By Simon Edward ☛ UK Bassist ~ with a day job.

Tremolo; And the day London fell silent

Tremolo; And the day London fell silent

Tremolo (Italian pronunciation: [ˈtrɛːmolo]), or tremolando ([tremoˈlando]) in music, is a trembling effect.

‘Amplitude variation’ rapidly turns the volume of a signal up and down, to create a “shuddering” effect.

Some electric guitars use a (somewhat misnamed) device called a “tremolo arm” or “whammy bar”. The pitch of a note or chord is lowered or raised, which is known as vibrato.

This non-standard use of the term “tremolo” refers to pitch, rather than amplitude.

Tremolo on BASS

The Nova Modulator NM-1 pedal by TC Electronic has a Tremolo effect, which sounds good on Bass, but as the Tri-chorus was the only other effect I liked, the NM-1 was moved on.

The mini size ‘Trelicopter’ by Mooer audio had some good reviews from other Bassists and sounded fine on youtube. I decided to order one.

Trelicopter | Tremolo pedal | by Mooer Audio

My isolated power supply provided the milliamps and I switched in the ‘Trelicopter’ pedal in both my amps effects loop and direct between my Bass and amp. But, there were major issues.

The biggest one was the ‘depth’ control operating like a volume cut/boost control.

The ‘speed’ dial had a very limited range with little ‘effect’ on the sound. The ‘Bias’ knob was almost inaudible.

I’ve owned more effects pedals than I’ve changed strings on my Basses, but I can’t remember ever having to return a single one.

The supplier gave me a full refund. In the grand scheme, a minor disappointment.

July 7: London 7.7.05

2005. At this time, I was working just above Baker Street tube station. A commute of around 45-minutes (on a good day) via the Piccadilly and Jubilee Lines’.

Today was one of those days. The signals had failed somewhere, and the Piccadilly Line came to a halt.

It was around 08:00. The train stopped at Stamford Brook, and with the District Line moving on the adjacent line, I changed so I could get to Hammersmith.

I thought it might be quicker to get to work on the Circle Line instead. I arrived at Baker Street at around 08:45 and walked up the platform.

Train 216 was arriving and I looked to see if it was being operated by someone I recognised from one of the Depots. It wasn’t.

The next time I saw the train (number 216), a bomb had been detonated on board, which killed six passengers.

Edgware Road | 7705 | Trackernet
Edgware Road | 7.7.05 | London Underground | Trackernet

Four extremists has separately detonated three bombs in quick succession on board London Underground trains at Edgware Road, Aldgate and Russell Square, and later, a fourth on board the No.30 bus in Tavistock Square.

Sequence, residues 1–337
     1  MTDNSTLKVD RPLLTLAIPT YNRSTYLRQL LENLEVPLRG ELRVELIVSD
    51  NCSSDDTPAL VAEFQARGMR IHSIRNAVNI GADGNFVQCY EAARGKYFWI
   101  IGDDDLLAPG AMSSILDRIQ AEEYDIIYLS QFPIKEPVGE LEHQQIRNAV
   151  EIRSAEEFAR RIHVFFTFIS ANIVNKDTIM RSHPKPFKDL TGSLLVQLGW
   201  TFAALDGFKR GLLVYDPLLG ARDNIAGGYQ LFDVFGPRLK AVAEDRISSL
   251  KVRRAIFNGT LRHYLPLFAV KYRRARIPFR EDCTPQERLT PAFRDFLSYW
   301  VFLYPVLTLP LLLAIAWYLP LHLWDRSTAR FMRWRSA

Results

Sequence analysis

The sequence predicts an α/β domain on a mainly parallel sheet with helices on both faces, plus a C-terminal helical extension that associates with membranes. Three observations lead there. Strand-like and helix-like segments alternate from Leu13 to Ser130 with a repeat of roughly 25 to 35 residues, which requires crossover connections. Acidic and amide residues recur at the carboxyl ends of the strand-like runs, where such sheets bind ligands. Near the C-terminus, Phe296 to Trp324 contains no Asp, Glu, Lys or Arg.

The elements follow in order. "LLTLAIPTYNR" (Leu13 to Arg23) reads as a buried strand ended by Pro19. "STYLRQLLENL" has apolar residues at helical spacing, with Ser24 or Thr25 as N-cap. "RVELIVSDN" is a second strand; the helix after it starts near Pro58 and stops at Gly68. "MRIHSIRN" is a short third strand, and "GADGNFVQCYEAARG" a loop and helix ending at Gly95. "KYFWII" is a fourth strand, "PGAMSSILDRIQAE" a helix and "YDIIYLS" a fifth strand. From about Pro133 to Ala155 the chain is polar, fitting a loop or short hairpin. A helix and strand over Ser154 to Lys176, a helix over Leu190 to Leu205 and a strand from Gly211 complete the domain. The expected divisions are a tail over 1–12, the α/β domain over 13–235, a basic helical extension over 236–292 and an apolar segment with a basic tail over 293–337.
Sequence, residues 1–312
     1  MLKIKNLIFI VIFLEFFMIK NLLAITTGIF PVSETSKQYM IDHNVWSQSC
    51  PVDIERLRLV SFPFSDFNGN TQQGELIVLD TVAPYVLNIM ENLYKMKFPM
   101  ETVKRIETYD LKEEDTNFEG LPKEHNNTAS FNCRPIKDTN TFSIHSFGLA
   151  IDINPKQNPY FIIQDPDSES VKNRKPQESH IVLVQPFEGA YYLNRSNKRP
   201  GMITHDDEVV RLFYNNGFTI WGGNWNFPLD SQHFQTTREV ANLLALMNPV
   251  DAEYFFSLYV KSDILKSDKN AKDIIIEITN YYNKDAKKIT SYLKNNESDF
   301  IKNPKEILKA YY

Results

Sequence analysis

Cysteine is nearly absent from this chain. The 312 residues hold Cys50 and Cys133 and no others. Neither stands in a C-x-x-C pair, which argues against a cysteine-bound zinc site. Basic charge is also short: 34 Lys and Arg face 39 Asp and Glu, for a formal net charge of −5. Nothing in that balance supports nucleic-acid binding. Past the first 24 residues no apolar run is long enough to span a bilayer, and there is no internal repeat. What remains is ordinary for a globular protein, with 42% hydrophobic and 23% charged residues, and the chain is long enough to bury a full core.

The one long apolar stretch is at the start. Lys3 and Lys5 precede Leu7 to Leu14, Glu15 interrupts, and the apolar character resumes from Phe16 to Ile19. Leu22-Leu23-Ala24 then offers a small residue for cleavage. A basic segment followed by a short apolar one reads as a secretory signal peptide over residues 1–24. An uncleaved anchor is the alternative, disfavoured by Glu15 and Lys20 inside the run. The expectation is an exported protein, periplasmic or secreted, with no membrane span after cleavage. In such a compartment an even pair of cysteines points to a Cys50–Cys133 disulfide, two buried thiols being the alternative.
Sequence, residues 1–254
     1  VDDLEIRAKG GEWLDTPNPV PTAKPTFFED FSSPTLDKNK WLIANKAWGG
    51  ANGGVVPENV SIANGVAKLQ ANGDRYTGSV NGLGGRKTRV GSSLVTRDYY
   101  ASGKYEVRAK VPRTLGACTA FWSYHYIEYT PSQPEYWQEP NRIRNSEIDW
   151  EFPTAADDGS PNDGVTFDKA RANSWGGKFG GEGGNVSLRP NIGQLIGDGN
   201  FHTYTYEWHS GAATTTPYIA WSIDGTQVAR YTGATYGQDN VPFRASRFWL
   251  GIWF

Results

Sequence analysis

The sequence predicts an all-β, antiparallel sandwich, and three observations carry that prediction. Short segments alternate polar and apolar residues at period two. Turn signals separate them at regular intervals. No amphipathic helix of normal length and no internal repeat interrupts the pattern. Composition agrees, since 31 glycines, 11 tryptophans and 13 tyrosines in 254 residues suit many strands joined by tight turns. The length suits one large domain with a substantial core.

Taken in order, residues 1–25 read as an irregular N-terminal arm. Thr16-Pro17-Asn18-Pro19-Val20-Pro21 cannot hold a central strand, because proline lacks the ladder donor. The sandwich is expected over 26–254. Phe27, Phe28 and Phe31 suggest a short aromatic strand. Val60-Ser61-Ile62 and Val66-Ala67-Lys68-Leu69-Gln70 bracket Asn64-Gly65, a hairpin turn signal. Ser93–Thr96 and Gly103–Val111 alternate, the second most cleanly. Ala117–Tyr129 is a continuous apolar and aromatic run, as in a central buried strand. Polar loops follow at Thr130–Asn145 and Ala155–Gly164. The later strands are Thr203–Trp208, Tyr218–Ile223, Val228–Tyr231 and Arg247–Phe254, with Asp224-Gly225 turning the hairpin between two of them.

It is understood that this bomb was originally destined for Bank station on the Northern Line.

52 passengers were murdered and more than 700 injured in the four incidents, which was the United Kingdom’s first ever suicide attack.

26 people died at Russell Square on the Piccadilly line. 6 died at Edgware Road on the Circle Line. 7 died at Aldgate on the Circle Line and 13 died on the bus at Tavistock Square.

Olympic bid euphoria and then Silence

The euphoria of London winning the bid to host the 2012 Olympic Games the previous day, was short-lived.

All of the emergency services and London Underground staff displayed extraordinary bravery in descending into dark, smoke-filled Tube tunnels, aware they could face further bombs.

“I headed home as soon as I could. The trains were eerily silent on the return journey.

In the weeks that followed, there was understandable nervousness everywhere”.

A terrible feeling knowing we could be potential targets as commuters. Two weeks later on 22/7, another four would-be suicide bombers launched failed attacks on the Tube and a bus.

An innocent Brazilian, Jean Charles de Menezes was killed at Stockwell Underground station, when Police suspected him to be a terrorist.

“I wouldn’t go below ground on the tube for at least a year afterwards. It was difficult not to be suspicious of anyone naive enough to carry a rucksack on their back”.

The last word

2015 and the 10th anniversary of 7/7. A day etched into the memory and lives of so many people, who will remember; those who were lost, and those who survived, but at great cost.

“I will remember the day that London fell silent”.

July | 2015 | Hyde Park Memorial | London
“The memorial in Hyde Park consists of 52 stainless steel pillars designed to symbolise the random loss of life”. | by Simon Edward | July 29th, 2015


Hello! I am Simon ~ author of UK musician, song writer and Bassist ~ with a day job.

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